James Governor's Monkchips

People Don’t Buy Things, They Subscribe To Services 2

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Some time ago I captured some of my thoughts about the economics of subscriptions and services in a blog entitled Enterprise and Consumers Don’t Buy Things They Subscribe To Services.

Wireless comms is an exemplar:

The mobile phone industry relies on subscription based models. You pay a monthly fee for your services and in many cases the provider gives you free hardware to access that service, subsidizing or even eliminating the upfront cost of the handset.

When I read Why Microsoft Can’t Best Google from Tim O’Reilly it struck me that he was articulating a very similar concept in this post:

Software isn’t an artifact that someone buys, it’s a relationship between a customer and the provider of a service.”

Absolutely right on.

One thing that perhaps isn’t explicit in all this thinking, which Tim just helped me grok, is the “historical inevitably” involved here. That is, the conditions in which open service models thrive were created by traditional software players, rather than by new entrants. These companies are bringing it upon themselves.

After all – you can’t buy software. No vendor sells software. They only license it to you.

Go read your EULA. Ed Foster does a brillient job of tracking the fatuous EULA industry.

Not only can you not buy this software, but you can’t sell it on either.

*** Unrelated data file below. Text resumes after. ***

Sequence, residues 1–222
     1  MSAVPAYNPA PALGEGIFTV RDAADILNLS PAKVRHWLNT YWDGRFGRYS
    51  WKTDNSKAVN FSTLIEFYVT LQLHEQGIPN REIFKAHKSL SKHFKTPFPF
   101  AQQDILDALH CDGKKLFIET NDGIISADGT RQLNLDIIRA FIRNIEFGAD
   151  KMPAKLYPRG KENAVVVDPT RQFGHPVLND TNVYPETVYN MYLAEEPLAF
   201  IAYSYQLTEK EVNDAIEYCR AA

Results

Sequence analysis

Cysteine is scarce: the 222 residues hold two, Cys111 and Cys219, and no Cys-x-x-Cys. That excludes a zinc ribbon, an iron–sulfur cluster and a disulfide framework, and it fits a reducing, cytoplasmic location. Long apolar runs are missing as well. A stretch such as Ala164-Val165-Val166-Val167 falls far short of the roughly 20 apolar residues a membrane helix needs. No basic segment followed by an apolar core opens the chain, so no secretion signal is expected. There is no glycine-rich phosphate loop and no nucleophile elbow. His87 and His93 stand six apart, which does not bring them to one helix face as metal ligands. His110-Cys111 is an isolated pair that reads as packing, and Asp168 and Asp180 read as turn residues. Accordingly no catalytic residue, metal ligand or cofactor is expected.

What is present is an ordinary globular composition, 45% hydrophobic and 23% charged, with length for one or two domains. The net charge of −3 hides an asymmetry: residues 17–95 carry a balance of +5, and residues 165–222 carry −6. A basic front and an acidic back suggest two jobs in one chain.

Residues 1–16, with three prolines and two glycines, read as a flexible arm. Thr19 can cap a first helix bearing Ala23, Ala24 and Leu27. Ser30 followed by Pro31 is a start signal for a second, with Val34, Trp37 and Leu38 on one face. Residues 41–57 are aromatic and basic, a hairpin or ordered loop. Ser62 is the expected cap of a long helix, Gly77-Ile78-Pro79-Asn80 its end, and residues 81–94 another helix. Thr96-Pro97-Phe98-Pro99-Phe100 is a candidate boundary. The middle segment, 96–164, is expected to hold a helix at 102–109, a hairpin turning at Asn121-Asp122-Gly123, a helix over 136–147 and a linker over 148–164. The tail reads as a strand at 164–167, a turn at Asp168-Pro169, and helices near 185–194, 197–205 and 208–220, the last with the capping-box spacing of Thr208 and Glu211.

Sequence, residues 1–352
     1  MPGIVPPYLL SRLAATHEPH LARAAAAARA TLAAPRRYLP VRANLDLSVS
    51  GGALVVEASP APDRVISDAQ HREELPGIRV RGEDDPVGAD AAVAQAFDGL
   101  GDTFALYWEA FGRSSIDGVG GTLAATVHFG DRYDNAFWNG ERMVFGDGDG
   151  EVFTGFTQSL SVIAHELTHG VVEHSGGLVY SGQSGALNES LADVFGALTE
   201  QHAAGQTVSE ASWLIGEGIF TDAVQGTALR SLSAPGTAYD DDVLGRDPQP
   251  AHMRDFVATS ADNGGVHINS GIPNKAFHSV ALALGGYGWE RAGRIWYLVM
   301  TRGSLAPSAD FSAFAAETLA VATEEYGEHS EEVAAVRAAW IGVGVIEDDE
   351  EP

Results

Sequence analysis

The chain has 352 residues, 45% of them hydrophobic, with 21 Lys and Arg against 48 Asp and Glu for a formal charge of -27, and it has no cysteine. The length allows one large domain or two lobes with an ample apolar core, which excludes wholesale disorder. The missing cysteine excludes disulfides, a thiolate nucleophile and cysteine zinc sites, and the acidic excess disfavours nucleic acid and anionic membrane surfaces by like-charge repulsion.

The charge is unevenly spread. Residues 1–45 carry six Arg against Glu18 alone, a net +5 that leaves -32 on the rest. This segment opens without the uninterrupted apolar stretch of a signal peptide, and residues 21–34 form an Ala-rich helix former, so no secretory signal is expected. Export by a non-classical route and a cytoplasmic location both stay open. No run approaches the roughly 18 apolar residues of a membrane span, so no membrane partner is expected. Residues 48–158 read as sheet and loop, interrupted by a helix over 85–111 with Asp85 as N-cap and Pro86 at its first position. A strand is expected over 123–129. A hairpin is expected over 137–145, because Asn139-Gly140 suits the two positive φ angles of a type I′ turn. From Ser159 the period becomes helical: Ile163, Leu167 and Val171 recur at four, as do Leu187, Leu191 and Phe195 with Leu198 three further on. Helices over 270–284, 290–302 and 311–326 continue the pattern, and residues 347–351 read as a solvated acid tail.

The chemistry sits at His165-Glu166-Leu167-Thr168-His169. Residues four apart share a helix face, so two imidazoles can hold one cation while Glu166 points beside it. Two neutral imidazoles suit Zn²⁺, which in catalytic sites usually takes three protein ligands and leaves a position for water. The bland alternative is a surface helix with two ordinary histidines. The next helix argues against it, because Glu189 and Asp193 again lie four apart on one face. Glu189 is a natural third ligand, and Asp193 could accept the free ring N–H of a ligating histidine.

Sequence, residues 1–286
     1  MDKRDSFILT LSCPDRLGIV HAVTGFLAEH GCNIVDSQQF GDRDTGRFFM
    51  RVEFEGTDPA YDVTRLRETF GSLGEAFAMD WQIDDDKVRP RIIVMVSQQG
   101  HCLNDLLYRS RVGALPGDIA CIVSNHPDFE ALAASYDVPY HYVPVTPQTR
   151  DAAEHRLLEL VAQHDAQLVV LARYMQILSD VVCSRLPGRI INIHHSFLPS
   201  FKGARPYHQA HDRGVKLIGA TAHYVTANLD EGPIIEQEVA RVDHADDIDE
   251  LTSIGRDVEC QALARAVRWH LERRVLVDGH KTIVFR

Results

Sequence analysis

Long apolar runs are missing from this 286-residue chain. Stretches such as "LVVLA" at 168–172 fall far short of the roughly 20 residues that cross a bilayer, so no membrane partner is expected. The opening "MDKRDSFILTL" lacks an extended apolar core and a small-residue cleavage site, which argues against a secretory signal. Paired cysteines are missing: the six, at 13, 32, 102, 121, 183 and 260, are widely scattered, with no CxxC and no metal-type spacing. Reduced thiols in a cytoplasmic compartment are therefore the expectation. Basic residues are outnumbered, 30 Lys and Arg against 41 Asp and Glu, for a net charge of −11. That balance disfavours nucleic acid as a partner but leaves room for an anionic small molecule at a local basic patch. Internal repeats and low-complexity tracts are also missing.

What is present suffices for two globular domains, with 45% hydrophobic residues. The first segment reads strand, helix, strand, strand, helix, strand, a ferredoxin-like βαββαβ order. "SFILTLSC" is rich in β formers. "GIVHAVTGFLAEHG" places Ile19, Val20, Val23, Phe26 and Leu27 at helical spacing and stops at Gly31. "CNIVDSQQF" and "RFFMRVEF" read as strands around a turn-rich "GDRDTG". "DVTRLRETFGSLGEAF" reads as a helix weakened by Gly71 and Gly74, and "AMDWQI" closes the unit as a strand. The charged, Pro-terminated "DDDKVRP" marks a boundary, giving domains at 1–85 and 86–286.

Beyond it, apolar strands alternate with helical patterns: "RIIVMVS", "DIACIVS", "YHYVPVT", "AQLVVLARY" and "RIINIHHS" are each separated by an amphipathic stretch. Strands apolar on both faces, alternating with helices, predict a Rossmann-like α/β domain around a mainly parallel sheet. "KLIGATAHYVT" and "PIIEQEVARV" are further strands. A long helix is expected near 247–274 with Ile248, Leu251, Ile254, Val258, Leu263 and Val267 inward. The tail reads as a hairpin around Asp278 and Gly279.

The music industry tries to play same game- in RIAA’s eyes you can’t resell music because you never owned it in the first place. Just a license to use it, under terms set by the copyright holder. The mechanisms for preventing the customer from owning the content they pay for are called copy protection or digital rights management.

Is it any wonder web savvy end users are rebelling and voting with their feet and instead adopting services they consider more open, more easy to use, something you can dip in and out of. Note going with services, not products. Of course the terms and conditions of web service players can be just as absurd, and annoying, as anything in the “packaged software” realm but of course it is perception that matters in adoption and customer choice.

[One question to music and software players is: What about my copy rights? That is, my fundamental right to copy something I have paid for and use it in a different context.]

Tim closes, with what he calls a digression, pointing to how many US government agencies effectively subsidise Microsoft by driving citizens to IE.

There are instructive parallels in the way that the auto is “baked in” to our economy by government sanction in ways that railroads are not. Gasoline taxes “fund” highway maintenance and development while any investment in railroads is a “subsidy.” I don’t know the history, but it’s clear that the auto industry managed to finagle a situation where the government collects taxes to fund its infrastructure requirements.

For those that are interested I plan a couple of related posts about  the new economics of service and outcome pricing. If you have any related insights please let me know.

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